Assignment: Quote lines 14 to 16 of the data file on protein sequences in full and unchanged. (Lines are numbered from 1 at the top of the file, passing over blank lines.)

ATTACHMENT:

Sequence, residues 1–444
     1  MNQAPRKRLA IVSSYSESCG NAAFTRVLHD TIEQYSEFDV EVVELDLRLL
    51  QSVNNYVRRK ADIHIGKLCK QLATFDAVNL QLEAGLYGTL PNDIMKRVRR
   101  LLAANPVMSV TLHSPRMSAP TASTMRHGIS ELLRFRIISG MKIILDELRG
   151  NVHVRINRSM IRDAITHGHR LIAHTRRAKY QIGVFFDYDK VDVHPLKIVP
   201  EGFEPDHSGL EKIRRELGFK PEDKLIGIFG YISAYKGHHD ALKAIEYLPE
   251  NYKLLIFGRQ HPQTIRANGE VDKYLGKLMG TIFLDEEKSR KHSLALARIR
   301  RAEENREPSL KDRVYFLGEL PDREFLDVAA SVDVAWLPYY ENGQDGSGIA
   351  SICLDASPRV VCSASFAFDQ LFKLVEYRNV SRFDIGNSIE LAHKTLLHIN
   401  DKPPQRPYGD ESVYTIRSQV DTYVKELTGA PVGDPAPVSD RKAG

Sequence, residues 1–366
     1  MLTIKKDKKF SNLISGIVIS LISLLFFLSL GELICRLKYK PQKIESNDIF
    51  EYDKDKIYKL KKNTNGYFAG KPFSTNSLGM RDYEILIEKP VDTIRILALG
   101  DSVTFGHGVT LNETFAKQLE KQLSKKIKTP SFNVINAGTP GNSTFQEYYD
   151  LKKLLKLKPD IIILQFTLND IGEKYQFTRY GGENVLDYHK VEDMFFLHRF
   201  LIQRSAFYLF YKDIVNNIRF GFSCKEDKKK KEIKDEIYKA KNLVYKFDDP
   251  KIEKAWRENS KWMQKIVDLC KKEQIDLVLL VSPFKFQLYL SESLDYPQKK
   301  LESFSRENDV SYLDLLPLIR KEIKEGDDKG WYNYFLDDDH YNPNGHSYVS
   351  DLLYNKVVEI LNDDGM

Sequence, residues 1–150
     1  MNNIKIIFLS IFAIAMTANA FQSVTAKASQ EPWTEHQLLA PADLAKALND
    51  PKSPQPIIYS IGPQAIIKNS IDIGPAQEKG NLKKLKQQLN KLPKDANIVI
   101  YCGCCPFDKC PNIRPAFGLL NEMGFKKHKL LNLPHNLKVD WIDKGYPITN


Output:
   101  DSVTFGHGVT LNETFAKQLE KQLSKKIKTP SFNVINAGTP GNSTFQEYYD
   151  LKKLLKLKPD IIILQFTLND IGEKYQFTRY GGENVLDYHK VEDMFFLHRF
   201  LIQRSAFYLF YKDIVNNIRF GFSCKEDKKK KEIKDEIYKA KNLVYKFDDP